Ethiopian farmers have suffered severe harvest and livestock losses due to harsh rains and climate extremes.
A United Nations Food and Agriculture Organisation (FAO) report released in August 2017 states that roughly 8.5 million Ethiopians required food aid in the second half of the year.
According to the Thomas Reuters Foundation, an initiative has been set up to help Ethiopian farmers and herders with access to weather information, which will help them to make informed decisions and absorb climate shocks.
Roughly 25 automatic weather stations across Ethiopia’s Afar, Somali and Southern Nations, Nationalities and Peoples’ (SNNP) regions have been set up to supply weather data to the necessary government agencies and local communities.
This data will allow farmers and herders to predict the availability of water, as well as grass for grazing.
BRACING FOR CLIMATE CHANGE
According to Getu Guleya, chief administrator of Dereshe district, weather vitality is challenging.
The initiative is led by agencies Farm Africa and Mercy Crops, and forms part of the Building Resilience and Adaptation to Climate Extremes and Disasters (BRACED) programme, which aims to prevent increased competition for resources and land.
The programme aims to assist people to become more resilient to climate extremes, and to improve integration of disaster risk reduction and climate adaption methods into development approaches.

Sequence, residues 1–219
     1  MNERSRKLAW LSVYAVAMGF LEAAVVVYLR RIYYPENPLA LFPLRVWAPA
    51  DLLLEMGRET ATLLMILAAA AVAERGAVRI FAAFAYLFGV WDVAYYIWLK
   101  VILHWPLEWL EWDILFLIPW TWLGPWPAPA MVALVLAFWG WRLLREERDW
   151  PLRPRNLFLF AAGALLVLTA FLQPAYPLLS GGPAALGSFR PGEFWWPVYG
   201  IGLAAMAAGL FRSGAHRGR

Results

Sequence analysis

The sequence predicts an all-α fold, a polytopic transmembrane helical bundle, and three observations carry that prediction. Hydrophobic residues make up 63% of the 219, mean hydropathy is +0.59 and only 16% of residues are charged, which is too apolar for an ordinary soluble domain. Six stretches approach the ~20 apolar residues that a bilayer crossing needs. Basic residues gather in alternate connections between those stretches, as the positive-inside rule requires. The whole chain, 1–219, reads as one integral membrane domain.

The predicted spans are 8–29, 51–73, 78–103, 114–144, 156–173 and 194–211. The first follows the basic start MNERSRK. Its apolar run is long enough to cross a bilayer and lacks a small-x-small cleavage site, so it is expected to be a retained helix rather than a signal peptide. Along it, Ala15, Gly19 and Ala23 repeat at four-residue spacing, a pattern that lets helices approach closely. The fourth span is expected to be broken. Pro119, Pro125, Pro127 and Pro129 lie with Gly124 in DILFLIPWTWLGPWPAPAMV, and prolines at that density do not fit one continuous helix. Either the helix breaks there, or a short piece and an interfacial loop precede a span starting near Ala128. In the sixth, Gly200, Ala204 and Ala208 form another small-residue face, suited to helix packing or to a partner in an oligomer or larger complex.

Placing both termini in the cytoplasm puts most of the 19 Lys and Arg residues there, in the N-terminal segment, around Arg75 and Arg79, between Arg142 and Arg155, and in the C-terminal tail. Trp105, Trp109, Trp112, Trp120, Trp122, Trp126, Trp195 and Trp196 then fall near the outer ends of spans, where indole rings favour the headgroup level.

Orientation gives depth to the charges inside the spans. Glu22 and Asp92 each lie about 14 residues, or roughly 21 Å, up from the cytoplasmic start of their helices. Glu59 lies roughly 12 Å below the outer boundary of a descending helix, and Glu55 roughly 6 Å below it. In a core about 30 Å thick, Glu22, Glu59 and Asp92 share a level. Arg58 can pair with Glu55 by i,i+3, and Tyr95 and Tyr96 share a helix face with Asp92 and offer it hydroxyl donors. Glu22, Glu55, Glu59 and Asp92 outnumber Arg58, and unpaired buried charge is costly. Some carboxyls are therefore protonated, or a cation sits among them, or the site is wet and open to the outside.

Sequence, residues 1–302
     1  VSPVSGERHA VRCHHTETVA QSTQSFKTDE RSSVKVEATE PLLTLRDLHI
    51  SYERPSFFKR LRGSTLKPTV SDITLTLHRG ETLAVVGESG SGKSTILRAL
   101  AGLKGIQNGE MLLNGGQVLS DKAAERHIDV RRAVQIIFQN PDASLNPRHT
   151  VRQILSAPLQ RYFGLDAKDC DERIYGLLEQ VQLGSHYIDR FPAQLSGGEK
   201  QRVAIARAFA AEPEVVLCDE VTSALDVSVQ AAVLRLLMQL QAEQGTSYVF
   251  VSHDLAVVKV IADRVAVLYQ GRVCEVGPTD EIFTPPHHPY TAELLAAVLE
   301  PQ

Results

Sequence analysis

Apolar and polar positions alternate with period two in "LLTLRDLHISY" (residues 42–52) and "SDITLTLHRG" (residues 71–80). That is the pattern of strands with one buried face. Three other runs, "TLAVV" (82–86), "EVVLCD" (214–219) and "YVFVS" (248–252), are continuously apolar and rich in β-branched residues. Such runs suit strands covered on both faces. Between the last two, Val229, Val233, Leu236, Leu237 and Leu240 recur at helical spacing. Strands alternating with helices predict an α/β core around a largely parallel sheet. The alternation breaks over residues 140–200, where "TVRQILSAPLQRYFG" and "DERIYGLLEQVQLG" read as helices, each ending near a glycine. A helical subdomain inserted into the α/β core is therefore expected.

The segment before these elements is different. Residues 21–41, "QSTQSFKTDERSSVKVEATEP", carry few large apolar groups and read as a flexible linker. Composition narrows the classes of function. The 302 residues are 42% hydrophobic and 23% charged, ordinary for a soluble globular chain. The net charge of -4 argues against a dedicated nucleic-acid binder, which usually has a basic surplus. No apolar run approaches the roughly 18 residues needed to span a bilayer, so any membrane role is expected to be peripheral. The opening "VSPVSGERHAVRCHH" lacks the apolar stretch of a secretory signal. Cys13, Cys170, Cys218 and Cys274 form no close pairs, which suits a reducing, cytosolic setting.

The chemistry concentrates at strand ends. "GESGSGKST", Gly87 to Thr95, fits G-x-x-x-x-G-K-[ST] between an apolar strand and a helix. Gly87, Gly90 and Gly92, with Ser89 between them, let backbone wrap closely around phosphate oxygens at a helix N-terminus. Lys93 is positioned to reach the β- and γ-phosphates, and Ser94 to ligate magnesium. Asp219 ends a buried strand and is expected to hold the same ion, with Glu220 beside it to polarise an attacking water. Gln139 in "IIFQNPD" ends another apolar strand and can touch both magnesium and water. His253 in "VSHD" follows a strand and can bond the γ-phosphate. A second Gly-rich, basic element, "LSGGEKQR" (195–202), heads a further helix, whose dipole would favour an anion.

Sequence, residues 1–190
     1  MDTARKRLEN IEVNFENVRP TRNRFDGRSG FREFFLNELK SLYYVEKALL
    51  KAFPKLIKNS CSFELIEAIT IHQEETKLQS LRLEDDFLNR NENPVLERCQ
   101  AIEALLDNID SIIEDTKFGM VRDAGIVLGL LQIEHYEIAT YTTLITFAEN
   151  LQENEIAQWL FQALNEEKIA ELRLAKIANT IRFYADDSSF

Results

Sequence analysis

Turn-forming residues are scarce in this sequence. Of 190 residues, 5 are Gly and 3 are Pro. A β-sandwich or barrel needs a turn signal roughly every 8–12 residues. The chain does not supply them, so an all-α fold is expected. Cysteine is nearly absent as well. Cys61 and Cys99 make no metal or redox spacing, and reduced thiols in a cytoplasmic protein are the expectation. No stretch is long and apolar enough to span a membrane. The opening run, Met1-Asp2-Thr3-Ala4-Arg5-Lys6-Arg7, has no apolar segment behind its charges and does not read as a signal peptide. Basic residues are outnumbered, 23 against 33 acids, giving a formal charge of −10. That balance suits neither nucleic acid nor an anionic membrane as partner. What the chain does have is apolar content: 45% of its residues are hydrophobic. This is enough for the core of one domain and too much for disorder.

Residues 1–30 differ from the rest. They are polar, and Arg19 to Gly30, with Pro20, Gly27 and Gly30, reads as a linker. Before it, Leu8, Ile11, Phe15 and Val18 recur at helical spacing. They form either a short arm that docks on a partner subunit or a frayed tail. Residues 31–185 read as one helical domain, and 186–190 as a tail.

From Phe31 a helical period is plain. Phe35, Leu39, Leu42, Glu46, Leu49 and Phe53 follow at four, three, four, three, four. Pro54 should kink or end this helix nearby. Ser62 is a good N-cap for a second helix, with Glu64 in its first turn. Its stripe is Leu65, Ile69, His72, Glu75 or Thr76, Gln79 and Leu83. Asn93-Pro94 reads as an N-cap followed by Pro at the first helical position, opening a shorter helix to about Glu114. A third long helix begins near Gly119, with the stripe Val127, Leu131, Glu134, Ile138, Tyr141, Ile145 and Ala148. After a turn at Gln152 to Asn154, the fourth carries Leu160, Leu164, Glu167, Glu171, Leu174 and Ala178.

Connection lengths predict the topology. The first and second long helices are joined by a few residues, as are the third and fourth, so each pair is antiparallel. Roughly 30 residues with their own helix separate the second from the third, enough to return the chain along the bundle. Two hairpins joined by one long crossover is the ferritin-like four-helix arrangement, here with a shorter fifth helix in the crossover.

Click here for more information on BRACED projects.
According to Tarekegn Kareto, a farmer from Ethiopia, his country is vulnerable to extreme weather conditions, making it very difficult to know what to plant and when.
The Ethiopian National Meteorology Agency (NMA) will use weather data to share local information on air temperature, rainfall and wind direction, and will produce regular climate reports. The forecasts will be aired on radio stations.
The programme will also encourage farmers and herders to expand their sources of income and to manage their livestock better.
“With timely climate information, you can prevent animals dying by stocking up on feed ahead of drought, for example,” said Tsegaye Ketema, head of developmental meteorology at NMA.
According to the organisation’s National Meteorology Outlook, the upcoming bega season (October to January) is expected to bring normal to below normal rainfall across central, northeastern, eastern and northern Ethiopia.
Normal rainfall conditions are expected in the western and southwestern parts of the country.
Also read: Seasonal forecast for Ethiopia
* The Thomson Reuters Foundation, an arm of Thomson Reuters, covers humanitarian news, women’s rights, trafficking, property rights, as well as climate change and resilience.